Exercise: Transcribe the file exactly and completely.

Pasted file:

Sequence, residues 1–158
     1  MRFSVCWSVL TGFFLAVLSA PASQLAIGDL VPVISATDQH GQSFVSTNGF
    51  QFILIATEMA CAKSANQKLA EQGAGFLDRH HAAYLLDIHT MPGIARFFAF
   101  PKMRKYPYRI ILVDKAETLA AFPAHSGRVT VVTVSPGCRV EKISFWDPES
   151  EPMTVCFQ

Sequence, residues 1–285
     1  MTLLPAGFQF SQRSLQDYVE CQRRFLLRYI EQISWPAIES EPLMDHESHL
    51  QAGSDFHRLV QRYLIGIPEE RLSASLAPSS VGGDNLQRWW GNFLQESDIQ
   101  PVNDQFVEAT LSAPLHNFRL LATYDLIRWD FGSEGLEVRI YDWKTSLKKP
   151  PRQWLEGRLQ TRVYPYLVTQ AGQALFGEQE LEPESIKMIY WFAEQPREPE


Sequence, residues 1–158
     1  MRFSVCWSVL TGFFLAVLSA PASQLAIGDL VPVISATDQH GQSFVSTNGF
    51  QFILIATEMA CAKSANQKLA EQGAGFLDRH HAAYLLDIHT MPGIARFFAF
   101  PKMRKYPYRI ILVDKAETLA AFPAHSGRVT VVTVSPGCRV EKISFWDPES
   151  EPMTVCFQ

Sequence, residues 1–285
     1  MTLLPAGFQF SQRSLQDYVE CQRRFLLRYI EQISWPAIES EPLMDHESHL
    51  QAGSDFHRLV QRYLIGIPEE RLSASLAPSS VGGDNLQRWW GNFLQESDIQ
   101  PVNDQFVEAT LSAPLHNFRL LATYDLIRWD FGSEGLEVRI YDWKTSLKKP
   151  PRQWLEGRLQ TRVYPYLVTQ AGQALFGEQE LEPESIKMIY WFAEQPREPE